The title text indicates that the first WiFi networking client interface displayed unexpected SSIDs. If true, this could potentially rule out all of the alternative explanations other than an alien visitation, a software bug, rogue industrial espionage, time travel, trans-multiverse or trans-dimensional communication, hardware misconfiguration, the simulation hypothesis, or the supernatural. (It is worth noting that cryptic-sounding WiFi networks generated by a time-traveling alien entity as a trap was used as a plot device in the 2013 Doctor Who episode "The Bells of Saint John". Please see also 1785: Wifi.)


Transcript[edit]

[A person with a knit cap and a backpack is checking a phone at the highest mountain in a mountainous landscape, with 5 snow covered mountain peaks behind, and a smaller peak connected to and just below that one. There seems to be no snow on those two peaks. Above is a view of the phone's screen as indicated with a zigzag line from the phone's screen to the frame with text. There is also a wifi icon at the top left and a padlock icon at the end of the second line of text. The bottom line is a gray font.]
Phone: Available WiFi Networks
Phone: Toshiba-U2187-OfficeLink-Net46UHZ
Phone: Join other network
[Caption below the panel:]
Tech Trivia: No one actually knows what devices produce those cryptic WiFi networks. They just appear at random across the Earth's surface.


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Discussion

Reminds me of these :) BytEfLUSh (talk) 00:17, 7 September 2019 (UTC)

It would be nice to check to see if this SSID exists already (using LocationAPI.org, Combain Positioning Service, Google location services, Wiggle, etc.). Could also be interesting to track use of this SSID over time. Of course takes a while for any changes to show up in the search engines. 108.162.245.166 02:17, 7 September 2019 (UTC)

Is there a way to make a https://github.com/freifunk/openwifimap-api/blob/master/API.md query out of a URL? 162.158.255.82 14:45, 7 September 2019 (UTC)

Soon those names will be e.g. "StarLink_6514". ;) Fabian42 (talk) 09:46, 7 September 2019 (UTC)

Could the 46UHZ be a reference to the frequency band, i.e. 5GHz? Maybe this WiFi network was originally configured to operate on an unknown-to-us 46μHz band. 172.68.38.88 18:49, 7 September 2019 (UTC)

46 microHz would be in the submarine communications area. Unlikely to exist on a mountain top. 162.158.123.199 (talk) 10:23, 8 September 2019 (please sign your comments with ~~~~)
Furthermore, since the data transmission rate is limited by the signal frequency, a 46 microHz signal would have extremely dismal performance - many magnitudes slower than 56K dialup modems. At ~6 hours per cycle, you probably couldn't even get 1 byte of data per day. I don't think that would be useful at all! Ianrbibtitlht (talk) 20:52, 8 September 2019 (UTC)
But think of the range! 162.158.107.25 15:54, 21 September 2019 (UTC)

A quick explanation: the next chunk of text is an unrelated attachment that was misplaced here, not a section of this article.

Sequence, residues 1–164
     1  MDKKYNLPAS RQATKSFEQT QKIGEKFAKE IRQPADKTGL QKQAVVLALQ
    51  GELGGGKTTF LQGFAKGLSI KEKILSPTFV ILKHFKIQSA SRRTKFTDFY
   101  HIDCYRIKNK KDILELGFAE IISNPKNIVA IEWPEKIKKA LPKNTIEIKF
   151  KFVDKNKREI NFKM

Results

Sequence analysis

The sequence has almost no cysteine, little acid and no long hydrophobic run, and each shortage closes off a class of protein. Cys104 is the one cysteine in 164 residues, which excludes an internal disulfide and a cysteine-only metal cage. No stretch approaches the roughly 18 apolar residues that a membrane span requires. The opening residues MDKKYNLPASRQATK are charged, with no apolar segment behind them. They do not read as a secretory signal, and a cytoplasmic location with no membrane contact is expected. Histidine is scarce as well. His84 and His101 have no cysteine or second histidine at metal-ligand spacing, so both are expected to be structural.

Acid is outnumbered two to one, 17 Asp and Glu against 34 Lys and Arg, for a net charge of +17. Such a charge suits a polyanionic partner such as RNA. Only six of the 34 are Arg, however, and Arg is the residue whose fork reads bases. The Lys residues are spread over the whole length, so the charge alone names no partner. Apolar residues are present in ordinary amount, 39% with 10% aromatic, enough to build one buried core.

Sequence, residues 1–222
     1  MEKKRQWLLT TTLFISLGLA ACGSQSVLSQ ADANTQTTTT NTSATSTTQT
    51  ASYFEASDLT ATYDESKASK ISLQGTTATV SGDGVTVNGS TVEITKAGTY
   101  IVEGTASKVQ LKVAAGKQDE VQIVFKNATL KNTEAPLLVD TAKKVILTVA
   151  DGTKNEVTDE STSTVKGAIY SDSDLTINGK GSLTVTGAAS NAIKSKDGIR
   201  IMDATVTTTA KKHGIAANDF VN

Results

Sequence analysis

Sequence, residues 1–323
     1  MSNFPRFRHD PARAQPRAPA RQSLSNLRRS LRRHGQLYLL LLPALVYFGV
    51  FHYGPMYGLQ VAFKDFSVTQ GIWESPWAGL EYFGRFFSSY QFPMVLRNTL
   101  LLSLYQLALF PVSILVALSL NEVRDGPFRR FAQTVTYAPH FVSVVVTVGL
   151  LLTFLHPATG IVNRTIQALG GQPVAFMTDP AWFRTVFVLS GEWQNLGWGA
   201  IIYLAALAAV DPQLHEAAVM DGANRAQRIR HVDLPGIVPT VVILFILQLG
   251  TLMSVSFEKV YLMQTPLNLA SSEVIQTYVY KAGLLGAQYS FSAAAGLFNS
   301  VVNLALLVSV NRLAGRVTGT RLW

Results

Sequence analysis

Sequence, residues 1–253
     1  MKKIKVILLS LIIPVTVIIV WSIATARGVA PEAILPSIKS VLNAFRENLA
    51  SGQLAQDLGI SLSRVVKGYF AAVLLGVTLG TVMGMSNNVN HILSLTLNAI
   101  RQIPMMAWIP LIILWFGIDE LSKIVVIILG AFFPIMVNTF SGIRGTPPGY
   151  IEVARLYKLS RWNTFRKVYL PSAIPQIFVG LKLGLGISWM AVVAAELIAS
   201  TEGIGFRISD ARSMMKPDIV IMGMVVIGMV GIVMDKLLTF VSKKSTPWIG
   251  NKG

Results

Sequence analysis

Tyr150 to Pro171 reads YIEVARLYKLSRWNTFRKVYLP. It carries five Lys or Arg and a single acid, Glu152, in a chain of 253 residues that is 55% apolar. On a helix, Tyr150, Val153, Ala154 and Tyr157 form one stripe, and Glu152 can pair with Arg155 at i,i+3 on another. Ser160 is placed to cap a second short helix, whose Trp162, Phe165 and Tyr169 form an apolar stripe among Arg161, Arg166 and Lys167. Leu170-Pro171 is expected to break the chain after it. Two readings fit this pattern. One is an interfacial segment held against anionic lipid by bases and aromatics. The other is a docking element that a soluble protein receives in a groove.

I live in the middle of the forest, even in the winter when there are no leaves to block the way there's only one house even within sight, and yet there are five 802.11* networks in my scan right now. I mean, they're all mine, but still...—Kazvorpal (talk) 23:09, 7 September 2019 (UTC)

"a character with a knit cap is on top of a high mountain in a remote location. He sees" How do we know that Knit Cap is a "he"? We don't, actually . . . . 162.158.214.136 12:19, 8 September 2019 (UTC)

My favorite ISP is linksys! RandalSchwartz (talk) 17:42, 8 September 2019 (UTC)

Knit Cap may just have forgotten they have a Toshiba device in their backpack, set to 'hot spot' mode, so it would seem like this cryptic WiFi network is following them, making them feel spooky for no reason. -- Malgond (talk) 07:57, 9 September 2019 (UTC)

This "explanation" is mostly incomprehensible to non-tech people. Can someone create a site ExplainExplainxkcd? Or translate the jargon into English? 162.158.39.11 (talk) 04:54, 9 September 2019 (please sign your comments with ~~~~)

I agree the explanation has devolved into a history lesson in wireless communications, and most of the latter paragraphs are largely unnecessary. The alternate explanations paragraph seems to have grown into a list of ridiculous possibilities. Ianrbibtitlht (talk) 12:43, 9 September 2019 (UTC)

Trivia could be a reference to number radio stations that were allegedly tuned on the first receivers before regular broadcasts started. I've heard such (false, obviously) claim somewhere, but cannot find it anywhere. 172.68.50.32 11:23, 11 September 2019 (UTC)

u2187 could refer to a unicode character?

That's funny, it renders on Android Chrome but not OSX Safari. 162.158.146.166 21:44, 12 September 2019 (UTC)

What is 48 UHz in lightspeed wavelength? 172.69.22.134 23:55, 13 September 2019 (UTC)

48 microhertz corresponds to a wavelength of 6,200 Gm or 41 AU.[1] The period is 4.1 per day, 5h50m or 29 per week. The alien colony ship? 172.68.46.245 22:31, 14 September 2019 (UTC)

Sounds like SCP material CCCVVVA (talk) 06:07, 23 September 2019 (UTC)